If I'm compiling a C program for bare-metal, I know I can insert things like

#if defined(__linux__) 
#error "You're not using a cross-compiler."
#endif`

But, I don't want to check for every operating system. Is there a single check to see if I'm in a hosted environment?

  • you're going to compile on baremetal? – Jean-François Fabre Nov 30 '16 at 18:09
  • @Jean-FrançoisFabre Yes. Updated question for clarity. – Newtang Nov 30 '16 at 18:10
  • 1
    I know you compile for baremetal, but are you planning to run the compiler on baremetal. Probably not. – Jean-François Fabre Nov 30 '16 at 18:11
  • Oh! I misunderstood. Correct, I am running on bare-metal, but compiling elsewhere. – Newtang Nov 30 '16 at 18:12
  • 1
    Ok, so for you what is a hosted environment? since you cannot run your compiler on baremetal, what's the use of testing about linux, windows whatever? and why do you mind if someone can compile your code on a TI99-4A as long as it works? (sorry for all those questions... can't figure out your problem) – Jean-François Fabre Nov 30 '16 at 18:14
up vote 1 down vote accepted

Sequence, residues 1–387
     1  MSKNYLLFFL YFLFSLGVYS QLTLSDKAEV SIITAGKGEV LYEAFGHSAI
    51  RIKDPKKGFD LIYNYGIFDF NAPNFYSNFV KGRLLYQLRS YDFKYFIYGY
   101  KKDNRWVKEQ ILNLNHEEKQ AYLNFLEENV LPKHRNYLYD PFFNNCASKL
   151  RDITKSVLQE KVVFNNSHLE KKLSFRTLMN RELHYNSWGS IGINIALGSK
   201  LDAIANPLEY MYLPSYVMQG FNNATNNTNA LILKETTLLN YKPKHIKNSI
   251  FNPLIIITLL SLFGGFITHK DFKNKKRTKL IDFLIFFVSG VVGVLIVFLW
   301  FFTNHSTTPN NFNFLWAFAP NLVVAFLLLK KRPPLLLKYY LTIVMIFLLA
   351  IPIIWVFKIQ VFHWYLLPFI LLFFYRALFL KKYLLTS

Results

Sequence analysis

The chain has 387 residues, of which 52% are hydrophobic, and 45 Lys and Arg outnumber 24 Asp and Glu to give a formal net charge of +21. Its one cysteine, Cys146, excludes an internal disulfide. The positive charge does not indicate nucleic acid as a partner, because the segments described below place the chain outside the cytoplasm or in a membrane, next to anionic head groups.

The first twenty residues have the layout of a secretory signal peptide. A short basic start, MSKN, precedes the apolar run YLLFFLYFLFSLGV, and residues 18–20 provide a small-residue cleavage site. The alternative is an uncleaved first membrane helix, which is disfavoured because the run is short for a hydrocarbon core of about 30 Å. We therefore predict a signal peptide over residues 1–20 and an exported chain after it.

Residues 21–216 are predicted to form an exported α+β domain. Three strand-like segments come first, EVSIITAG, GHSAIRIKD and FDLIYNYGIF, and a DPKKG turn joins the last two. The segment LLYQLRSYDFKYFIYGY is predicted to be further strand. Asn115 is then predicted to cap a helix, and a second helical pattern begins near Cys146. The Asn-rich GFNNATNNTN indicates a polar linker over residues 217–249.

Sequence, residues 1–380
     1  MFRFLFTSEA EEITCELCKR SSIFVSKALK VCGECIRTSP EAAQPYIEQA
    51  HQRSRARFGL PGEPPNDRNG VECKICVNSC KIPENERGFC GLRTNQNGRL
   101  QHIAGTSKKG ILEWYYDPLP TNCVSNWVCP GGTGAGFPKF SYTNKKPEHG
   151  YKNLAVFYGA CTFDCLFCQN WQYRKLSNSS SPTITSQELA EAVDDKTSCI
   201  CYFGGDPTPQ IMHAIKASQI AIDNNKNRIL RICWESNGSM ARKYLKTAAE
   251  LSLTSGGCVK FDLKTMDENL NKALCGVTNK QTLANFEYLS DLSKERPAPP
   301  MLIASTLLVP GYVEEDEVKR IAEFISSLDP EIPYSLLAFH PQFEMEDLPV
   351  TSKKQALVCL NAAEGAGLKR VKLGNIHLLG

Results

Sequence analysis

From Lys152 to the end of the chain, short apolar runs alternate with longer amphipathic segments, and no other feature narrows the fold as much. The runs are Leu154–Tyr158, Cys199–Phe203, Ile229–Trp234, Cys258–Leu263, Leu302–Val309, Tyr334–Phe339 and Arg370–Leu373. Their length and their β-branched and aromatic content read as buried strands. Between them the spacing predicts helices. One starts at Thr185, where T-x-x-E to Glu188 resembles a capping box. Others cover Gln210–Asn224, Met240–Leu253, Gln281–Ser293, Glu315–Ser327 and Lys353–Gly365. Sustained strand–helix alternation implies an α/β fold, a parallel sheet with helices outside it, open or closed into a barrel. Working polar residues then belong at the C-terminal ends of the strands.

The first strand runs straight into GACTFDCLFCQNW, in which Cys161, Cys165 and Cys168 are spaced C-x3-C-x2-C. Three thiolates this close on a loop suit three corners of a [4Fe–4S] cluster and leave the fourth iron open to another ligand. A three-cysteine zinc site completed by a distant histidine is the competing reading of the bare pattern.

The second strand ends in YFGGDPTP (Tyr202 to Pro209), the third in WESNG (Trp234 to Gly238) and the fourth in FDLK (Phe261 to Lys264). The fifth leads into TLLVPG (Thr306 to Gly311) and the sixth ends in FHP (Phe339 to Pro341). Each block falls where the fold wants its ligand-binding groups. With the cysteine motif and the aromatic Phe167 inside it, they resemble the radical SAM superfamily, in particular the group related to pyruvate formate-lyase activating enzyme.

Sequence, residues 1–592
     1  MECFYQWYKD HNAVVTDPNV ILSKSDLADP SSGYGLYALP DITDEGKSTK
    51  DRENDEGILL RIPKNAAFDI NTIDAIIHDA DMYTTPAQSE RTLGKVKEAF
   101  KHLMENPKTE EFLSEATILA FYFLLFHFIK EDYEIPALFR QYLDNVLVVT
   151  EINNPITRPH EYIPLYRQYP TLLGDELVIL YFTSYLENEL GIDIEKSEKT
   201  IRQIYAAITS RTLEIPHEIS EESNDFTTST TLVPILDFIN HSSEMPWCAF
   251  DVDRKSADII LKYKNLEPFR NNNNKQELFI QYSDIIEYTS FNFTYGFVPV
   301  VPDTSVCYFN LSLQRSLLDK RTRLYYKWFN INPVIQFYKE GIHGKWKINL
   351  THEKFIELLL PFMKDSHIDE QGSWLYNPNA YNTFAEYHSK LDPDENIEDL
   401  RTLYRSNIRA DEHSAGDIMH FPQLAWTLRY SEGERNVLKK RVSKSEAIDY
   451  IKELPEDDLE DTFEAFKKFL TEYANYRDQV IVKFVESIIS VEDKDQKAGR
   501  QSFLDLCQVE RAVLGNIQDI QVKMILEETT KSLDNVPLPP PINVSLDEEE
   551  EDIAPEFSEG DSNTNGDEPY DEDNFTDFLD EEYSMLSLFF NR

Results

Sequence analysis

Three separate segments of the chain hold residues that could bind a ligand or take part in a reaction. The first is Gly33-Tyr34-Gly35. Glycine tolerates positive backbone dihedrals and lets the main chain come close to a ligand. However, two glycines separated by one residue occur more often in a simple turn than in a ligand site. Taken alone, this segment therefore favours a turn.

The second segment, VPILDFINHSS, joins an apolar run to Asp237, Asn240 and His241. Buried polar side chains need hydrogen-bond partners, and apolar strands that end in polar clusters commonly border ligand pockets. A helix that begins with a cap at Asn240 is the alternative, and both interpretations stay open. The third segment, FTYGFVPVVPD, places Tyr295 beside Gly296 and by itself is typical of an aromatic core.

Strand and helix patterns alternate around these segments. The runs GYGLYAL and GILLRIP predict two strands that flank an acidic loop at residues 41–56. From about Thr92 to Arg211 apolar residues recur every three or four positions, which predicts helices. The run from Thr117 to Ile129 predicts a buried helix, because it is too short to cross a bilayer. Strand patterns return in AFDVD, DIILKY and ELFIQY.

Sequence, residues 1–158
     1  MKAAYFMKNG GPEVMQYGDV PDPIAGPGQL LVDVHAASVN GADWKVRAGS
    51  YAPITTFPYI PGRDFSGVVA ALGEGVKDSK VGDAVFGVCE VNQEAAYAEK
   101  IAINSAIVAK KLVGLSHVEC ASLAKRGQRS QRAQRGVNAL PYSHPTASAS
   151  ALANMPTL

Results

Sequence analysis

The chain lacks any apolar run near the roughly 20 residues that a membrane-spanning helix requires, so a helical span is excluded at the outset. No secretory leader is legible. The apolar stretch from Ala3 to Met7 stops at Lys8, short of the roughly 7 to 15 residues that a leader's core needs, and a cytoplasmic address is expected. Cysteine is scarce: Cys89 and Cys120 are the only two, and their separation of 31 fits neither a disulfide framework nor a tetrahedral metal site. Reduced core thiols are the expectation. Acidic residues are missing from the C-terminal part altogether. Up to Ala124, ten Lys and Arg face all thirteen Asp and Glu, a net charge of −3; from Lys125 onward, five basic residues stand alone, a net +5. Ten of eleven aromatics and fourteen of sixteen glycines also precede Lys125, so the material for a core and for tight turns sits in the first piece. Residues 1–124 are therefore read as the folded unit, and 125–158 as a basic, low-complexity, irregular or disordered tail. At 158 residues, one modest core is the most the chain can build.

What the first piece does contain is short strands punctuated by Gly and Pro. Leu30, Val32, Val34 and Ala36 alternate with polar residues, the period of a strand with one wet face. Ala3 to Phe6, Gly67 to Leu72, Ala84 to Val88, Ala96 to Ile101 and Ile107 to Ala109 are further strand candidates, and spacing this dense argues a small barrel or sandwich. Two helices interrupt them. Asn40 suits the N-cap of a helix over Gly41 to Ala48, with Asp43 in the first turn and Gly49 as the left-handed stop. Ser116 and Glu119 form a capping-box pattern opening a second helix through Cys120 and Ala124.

If you want to determine that you are building with -ffreestanding then make your code check for the __STDC_HOSTED__ macro. It will be set to 1 for normal code and set to 0 for a freestanding build.

See the GCC info pages or the docs. The relevant quote is

By default, it acts as the compiler for a hosted implementation, defining 'STDC_HOSTED' as '1' and presuming that when the names of ISO C functions are used, they have the semantics defined in the standard. To make it act as a conforming freestanding implementation for a freestanding environment, use the option '-ffreestanding'; it then defines 'STDC_HOSTED' to '0' and does not make assumptions about the meanings of function names from the standard library, with exceptions noted below.

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